by Elizabeth Starr Hill, pictures by Lesley Liu, c2002.
I am notoriously bad at birthdays. Not all birthdays. Just my own.
Other people’s birthdays? Love ’em!
My own? You probably want to avoid me.
This year one of my favorite co-workers gave me a small square pot of “Lucky Bamboo” shooting up through a bunch of rocks. No birthday card or anything to denote that I am older than I was a day ago (even though this is ALWAYS true every single day) just a bright green burst of bamboo.
The bamboo is beautiful in a surprising way.
Each morning for the past week or so since it arrived the bamboo has taken me by surprise. I’m not sure why. I just forget it’s there and when I see those lush green chutes and waxy leaves reaching up toward the sky (er industrial drop ceiling) it makes me feel like the first time I saw the trees lining Westminster Abbey’s aisle for Will and Kate’s wedding.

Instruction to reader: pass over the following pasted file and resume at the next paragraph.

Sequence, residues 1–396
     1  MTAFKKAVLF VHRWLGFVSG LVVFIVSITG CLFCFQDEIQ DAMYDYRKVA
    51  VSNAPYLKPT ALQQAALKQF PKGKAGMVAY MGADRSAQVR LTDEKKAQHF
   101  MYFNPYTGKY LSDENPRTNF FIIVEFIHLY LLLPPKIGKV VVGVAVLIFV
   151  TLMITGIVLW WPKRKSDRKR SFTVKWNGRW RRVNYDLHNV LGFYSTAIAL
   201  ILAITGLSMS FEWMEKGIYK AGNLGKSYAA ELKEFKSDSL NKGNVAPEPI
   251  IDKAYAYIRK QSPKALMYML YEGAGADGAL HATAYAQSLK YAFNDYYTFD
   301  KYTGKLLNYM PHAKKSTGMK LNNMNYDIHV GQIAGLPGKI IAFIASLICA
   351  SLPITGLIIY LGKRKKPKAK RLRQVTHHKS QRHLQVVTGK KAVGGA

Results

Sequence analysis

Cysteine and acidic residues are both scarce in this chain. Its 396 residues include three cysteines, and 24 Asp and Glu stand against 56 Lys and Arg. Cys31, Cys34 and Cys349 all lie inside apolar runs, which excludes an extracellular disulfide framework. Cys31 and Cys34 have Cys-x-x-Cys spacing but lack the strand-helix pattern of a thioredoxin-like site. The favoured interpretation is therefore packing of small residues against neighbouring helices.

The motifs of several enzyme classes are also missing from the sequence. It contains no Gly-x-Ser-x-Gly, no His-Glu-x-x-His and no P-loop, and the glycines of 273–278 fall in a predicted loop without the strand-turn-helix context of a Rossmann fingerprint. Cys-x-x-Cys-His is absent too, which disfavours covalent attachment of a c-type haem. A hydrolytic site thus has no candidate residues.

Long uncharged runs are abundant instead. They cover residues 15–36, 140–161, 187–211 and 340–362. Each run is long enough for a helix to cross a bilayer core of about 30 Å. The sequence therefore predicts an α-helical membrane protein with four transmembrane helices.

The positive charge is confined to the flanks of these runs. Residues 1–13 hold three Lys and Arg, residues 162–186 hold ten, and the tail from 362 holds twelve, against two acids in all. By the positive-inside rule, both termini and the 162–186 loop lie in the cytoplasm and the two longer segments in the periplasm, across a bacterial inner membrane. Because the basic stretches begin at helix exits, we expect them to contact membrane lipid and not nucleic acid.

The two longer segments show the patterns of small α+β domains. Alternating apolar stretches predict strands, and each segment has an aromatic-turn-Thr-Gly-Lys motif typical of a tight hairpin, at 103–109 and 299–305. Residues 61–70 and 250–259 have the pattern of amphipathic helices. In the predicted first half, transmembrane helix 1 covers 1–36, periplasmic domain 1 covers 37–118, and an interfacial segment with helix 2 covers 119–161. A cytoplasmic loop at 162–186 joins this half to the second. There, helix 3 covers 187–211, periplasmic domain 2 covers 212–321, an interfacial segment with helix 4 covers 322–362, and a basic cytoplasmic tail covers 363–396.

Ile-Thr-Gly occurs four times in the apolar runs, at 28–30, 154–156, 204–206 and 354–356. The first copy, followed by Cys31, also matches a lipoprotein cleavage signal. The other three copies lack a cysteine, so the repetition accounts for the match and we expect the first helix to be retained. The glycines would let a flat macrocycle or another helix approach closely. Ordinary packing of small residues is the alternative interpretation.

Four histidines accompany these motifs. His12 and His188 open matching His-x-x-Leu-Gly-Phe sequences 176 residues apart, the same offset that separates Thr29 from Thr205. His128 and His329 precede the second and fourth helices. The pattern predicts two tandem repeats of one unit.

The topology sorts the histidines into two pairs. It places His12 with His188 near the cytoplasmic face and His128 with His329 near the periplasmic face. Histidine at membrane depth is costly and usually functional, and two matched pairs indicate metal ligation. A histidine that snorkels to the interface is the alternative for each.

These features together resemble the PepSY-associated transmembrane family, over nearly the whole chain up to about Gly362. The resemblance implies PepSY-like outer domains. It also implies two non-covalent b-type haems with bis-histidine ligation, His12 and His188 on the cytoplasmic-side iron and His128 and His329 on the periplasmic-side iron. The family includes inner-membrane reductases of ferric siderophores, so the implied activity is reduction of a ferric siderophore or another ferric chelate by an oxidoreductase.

I never would have bought bamboo to place on my desk. But now it looks not only like it belongs there, but that it has always been there and should always be there.
Anyway, all of this to say I chose today’s book by typing “bamboo” into the catalog.
This book has almost nothing to do with bamboo. There are no birthdays in it either.
The story is about a mute boy named Chang who finds a way to help his family after a devastating flood.
As a child I struggled with selective mutism. Elizabeth Starr Hill’s representation of a mute child as a smart and empathetic character not just a target for the reader’s sympathy made the little silent girl inside me so happy!
Arthur “Boo” Radley would like this book.
Boo probably reads a lot.
(I have always imagined that Boo Radley is an avid painter. I think of him behind those curtains painting idyllic scenes of Maycomb County with strange additions. Like Godzilla climbing the court house or the Lindburgh baby hanging from a cradle below Jem’s treehouse. One of my favorites is his portrayal of Napoleon doing a double take as he strolls past Miss Maudie in her garden, you know Napoleon would notice a fine woman like Miss Maudie. But it’s probably more likely that Boo just reads a ton.)
Chang’s heroism would be appreciated by a fellow social outcast like Boo. They both are under-appreciated and down right misunderstood by members of their community, but that doesn’t stop Chang or Boo from caring about those around them.
Let’s hear it for silent heroes!